ziploc bag fist aid kit

A Small Do It Yourself DIY First Aid Kit

It’s easy to make a small diy first aid kit. There are plenty of practical scenarios for having a small first aid kit with you.

While it’s certainly sensible to have a decent size well-equipped first aid kit at home, lets talk about putting together a simple small diy first aid kit for other places or purposes. Why? Because you might not need a fully equipped professional First Aid Kit for every single use-case scenario.

A minimalist (Ziploc bag) first aid kit. It works well for me. I can just slide it into a small space in any of my packs. Even if the pack is full, there’s a way to get it in there… Actually, I just leave these Ziploc bag first aid kits in the various bags so they’re always there.

One such bag is the Versipack. Mrs.J and I each have one. They are practical for many varying uses. One of which is for a day-hike, wherever that may be.

(Here’s an example of what I mean by ‘Versipack’)
(view on amzn)

And this is the particular one that we use:

Maxpedition Jumbo Versipack

Or maybe you put together a diy first aid kit for your purse? Or to keep in a compartment on your 4-wheeler ATV? Your boat? Vehicle? Your range bag? Fishing, hunting, camping, hiking…you get the idea. There are plenty of uses.

And, depending on the use-case, you might tailor it to some extent (especially the range bag, for example).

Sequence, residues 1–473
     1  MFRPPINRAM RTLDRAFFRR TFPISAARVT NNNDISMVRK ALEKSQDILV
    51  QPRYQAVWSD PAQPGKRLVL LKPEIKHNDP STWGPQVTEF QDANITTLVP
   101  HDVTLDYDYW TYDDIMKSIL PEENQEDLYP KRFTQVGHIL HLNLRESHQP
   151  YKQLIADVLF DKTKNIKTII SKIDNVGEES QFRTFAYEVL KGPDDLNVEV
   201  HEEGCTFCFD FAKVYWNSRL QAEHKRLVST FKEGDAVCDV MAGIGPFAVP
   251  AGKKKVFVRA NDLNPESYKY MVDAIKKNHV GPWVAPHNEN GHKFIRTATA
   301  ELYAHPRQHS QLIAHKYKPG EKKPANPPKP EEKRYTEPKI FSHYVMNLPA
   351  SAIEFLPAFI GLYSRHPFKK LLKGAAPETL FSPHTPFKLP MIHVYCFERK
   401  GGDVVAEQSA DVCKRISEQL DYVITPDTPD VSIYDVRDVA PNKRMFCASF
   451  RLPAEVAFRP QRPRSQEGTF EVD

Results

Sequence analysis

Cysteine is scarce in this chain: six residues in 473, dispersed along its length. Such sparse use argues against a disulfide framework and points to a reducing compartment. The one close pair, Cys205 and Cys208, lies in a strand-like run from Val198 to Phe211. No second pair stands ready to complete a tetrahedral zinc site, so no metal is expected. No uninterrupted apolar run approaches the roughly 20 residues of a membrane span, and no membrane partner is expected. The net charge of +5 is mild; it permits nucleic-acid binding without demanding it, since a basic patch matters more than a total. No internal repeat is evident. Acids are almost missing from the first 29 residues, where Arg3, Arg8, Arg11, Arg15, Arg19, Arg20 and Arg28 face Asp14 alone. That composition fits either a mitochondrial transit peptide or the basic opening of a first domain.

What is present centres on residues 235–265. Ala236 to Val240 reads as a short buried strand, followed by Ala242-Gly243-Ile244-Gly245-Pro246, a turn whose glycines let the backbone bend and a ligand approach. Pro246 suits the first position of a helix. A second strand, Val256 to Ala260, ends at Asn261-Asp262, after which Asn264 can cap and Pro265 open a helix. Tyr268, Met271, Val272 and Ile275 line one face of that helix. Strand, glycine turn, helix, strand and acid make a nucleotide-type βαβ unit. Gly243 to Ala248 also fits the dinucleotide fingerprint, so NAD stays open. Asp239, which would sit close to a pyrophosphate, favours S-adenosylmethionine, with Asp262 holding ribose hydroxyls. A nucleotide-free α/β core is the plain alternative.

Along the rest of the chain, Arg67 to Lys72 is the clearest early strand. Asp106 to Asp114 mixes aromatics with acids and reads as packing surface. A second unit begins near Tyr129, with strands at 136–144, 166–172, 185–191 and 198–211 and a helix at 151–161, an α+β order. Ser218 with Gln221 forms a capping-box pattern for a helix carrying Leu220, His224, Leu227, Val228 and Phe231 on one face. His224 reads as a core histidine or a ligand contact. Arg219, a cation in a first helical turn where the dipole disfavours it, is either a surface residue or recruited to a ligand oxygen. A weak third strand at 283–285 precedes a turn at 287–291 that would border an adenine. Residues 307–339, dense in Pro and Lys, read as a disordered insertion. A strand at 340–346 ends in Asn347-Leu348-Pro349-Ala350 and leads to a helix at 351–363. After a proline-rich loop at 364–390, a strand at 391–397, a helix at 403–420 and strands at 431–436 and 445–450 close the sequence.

Why do I do keep a First Aid Kit in a Ziploc bag? One reason is there’s no extra bulk or weight when using a Ziploc bag. And there is the advantage of being able to see right into the Ziploc and what’s inside. Another big reason? It’s waterproof.

What Items To Keep in a Small DIY First Aid Kit

Good question! It seems that I’m changing it around from time to time. Admittedly the problem that I have is that there’s always a good reason to add more items. However, then it gets too big! There’s really no right or wrong first aid kit, so do what works for you.

I might tailor it depending on what I’m going to be doing and where I may be going (with the associated risks thereof). However I do keep the basics in there for starters.

  • Various size ordinary band-aids for ordinary cuts
  • Absorbent compress dressings
  • Butterfly closure bandages
  • Triangular bandage
  • QuikClot clotting sponge or clotting gauze
  • Antiseptic wipe packets
  • Small tube of antibiotic ointment (e.g. Neosporin)
  • Various size sterile bandages (2×2, 3×3, etc..)
  • Gauze wrap / Self adhesive bandage wrap
  • Packet of Ibuprofen tablets
  • ACE bandage for sprain (I may keep this separately)
  • Tweezers (for those nasty slivers)

Additional suggestions:

More input:

  • Take a First Aid course
  • Know CPR
  • Allergy medications
  • Antacids
  • Chap-stick
  • Sutures, syringes and lidocaine to stitch cuts
  • Benadryl
  • Imodium
  • Dramamine
  • Eye wash, eye drops
  • Rehydration pack
  • Blister band aids
  • Burn gel
  • Burn bandages (non stick)

Like I said, your small diy first aid kit could get bigger and bigger… Where to stop? What to include? It all depends. What are your thoughts?